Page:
Do you take local traffic conditions into consideration when choosing trip destinations? Maybe you should.
The U.S. is the world’s most congested country, with drivers spending an average of 41 hours a year in traffic during peak hours. That’s an average, mind you; in some cities, it’s worse. Much worse. In Los Angeles, the worst of the 1,360 cities evaluated worldwide, drivers spent 102 hours stuck in traffic during peak travel times.
That’s according to the latest study by INRIX, “a global leader for transportation analytics.” The company’s annual traffic scorecard is intended to serve as a guide for governments and organizations looking to improve urban mobility. And there’s plenty of room for improvement in the U.S., which accounted for four of the ten worst cities for traffic congestion across America and Europe.
The six non-U.S. cities among the top 10 were, from most to least congested: Moscow, Sao Paulo, Bogota, London, Magnitogorsk, and Yurga. The latter two cities are both in Russia (I had to look them up), so, including Moscow, Russia accounts for three of the top-10.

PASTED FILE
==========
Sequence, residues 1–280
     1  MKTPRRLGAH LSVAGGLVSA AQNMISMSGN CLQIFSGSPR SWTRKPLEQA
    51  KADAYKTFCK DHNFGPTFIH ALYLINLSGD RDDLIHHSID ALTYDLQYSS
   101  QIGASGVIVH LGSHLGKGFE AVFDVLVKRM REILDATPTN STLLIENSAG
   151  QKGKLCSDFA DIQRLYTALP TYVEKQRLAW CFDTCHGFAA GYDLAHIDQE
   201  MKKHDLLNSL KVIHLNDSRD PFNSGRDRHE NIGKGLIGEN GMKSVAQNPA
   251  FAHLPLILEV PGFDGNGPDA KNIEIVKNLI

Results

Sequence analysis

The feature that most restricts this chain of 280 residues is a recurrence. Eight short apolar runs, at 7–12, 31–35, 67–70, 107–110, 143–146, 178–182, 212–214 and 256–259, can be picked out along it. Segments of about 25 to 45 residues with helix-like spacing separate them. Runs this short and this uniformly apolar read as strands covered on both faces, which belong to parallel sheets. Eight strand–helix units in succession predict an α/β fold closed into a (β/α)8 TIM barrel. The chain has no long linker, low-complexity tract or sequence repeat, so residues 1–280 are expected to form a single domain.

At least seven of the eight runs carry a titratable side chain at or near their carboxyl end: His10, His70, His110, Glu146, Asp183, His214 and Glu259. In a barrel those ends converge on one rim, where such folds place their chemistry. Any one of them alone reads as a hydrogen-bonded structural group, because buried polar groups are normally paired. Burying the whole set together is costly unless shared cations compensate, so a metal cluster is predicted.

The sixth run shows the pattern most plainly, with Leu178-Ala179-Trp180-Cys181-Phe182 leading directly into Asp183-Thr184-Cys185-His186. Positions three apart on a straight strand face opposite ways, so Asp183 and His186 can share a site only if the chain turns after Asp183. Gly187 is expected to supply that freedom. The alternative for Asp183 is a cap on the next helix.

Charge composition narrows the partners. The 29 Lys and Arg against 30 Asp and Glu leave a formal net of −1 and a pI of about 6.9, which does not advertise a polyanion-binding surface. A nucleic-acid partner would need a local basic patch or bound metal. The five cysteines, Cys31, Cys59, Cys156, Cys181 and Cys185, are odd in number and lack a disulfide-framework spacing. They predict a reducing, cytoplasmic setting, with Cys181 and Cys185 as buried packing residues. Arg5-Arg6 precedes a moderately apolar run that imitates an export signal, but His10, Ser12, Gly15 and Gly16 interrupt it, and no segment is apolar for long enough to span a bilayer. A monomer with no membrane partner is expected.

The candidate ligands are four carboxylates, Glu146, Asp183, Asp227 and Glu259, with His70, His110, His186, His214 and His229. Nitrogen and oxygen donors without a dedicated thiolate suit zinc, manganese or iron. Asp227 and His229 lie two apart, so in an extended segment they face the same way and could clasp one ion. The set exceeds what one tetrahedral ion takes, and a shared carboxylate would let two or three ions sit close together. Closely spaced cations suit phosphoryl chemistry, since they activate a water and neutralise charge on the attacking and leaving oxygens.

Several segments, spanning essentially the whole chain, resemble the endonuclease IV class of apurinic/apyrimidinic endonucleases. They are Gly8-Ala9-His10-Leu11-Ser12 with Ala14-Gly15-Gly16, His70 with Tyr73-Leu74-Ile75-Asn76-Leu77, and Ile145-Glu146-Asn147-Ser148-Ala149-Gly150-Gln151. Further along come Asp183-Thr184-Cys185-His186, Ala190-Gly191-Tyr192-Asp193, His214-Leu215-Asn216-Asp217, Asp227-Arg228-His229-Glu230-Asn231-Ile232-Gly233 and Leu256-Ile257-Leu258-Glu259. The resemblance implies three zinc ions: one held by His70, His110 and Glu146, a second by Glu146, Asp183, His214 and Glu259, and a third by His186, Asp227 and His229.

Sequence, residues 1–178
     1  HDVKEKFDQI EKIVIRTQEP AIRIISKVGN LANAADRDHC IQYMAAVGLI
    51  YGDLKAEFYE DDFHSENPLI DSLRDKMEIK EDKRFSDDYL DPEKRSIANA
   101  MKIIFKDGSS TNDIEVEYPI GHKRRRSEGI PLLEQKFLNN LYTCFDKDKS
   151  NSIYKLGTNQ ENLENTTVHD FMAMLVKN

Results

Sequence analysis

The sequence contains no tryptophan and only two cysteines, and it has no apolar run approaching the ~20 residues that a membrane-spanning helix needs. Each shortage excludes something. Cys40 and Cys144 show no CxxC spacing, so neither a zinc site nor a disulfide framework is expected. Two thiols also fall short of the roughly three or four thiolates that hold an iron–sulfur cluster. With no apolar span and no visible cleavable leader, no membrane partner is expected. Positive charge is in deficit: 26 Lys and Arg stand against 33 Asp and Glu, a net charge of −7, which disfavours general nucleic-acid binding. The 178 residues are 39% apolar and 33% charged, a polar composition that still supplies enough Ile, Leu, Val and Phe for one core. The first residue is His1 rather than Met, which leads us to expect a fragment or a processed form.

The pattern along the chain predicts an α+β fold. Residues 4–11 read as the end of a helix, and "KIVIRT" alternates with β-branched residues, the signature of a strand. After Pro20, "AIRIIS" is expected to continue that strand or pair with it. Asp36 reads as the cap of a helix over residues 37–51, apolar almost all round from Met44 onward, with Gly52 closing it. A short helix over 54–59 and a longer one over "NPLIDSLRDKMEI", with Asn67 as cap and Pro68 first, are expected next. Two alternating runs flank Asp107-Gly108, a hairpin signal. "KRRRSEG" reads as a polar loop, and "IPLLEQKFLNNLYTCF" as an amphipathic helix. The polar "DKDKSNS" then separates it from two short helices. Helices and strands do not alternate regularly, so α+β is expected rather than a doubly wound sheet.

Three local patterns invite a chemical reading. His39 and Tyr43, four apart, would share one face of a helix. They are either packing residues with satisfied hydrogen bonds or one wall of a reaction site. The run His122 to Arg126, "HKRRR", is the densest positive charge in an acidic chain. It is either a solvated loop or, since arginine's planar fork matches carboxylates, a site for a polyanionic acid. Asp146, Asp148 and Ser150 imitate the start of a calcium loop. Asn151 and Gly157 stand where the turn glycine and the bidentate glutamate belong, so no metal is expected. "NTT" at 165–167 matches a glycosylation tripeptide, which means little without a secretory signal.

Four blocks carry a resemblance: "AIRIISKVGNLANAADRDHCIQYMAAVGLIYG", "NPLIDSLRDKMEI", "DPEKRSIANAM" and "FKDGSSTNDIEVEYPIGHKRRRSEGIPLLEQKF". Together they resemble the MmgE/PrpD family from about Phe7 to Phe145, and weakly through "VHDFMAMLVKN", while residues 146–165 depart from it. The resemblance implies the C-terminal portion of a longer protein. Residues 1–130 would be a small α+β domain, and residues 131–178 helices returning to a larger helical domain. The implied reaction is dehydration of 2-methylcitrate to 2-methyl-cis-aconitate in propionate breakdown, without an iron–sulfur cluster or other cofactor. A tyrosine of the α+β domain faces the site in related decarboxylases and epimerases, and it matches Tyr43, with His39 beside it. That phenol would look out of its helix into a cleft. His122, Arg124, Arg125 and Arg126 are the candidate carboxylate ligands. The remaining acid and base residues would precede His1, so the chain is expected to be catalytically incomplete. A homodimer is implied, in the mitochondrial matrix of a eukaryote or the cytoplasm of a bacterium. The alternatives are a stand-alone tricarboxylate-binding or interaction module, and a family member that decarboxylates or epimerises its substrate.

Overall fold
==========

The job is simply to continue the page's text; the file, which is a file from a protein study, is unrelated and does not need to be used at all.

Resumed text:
Which U.S. cities were the worst? Led by Los Angeles, the ten most congested American cities, and the number of hours spent in traffic, were as follows:
- Los Angeles – 102
- New York City – 91
- San Francisco – 79
- Atlanta – 70
- Miami – 64
- Washington, D.C. – 63
- Boston – 60
- Chicago – 57
- Seattle – 55
- Dallas – 54
For travelers, there’s a clear link between the most congested cities and the most popular tourist destinations. Bottom line: Travelers visiting car-choked cities should expect to spend some of their precious vacation time sitting in traffic alongside commuting locals.
After 20 years working in the travel industry, and almost that long writing about it, Tim Winship knows a thing or two about travel. Follow him on Twitter @twinship.
This article first appeared on SmarterTravel.com, where Tim is Editor-at-Large.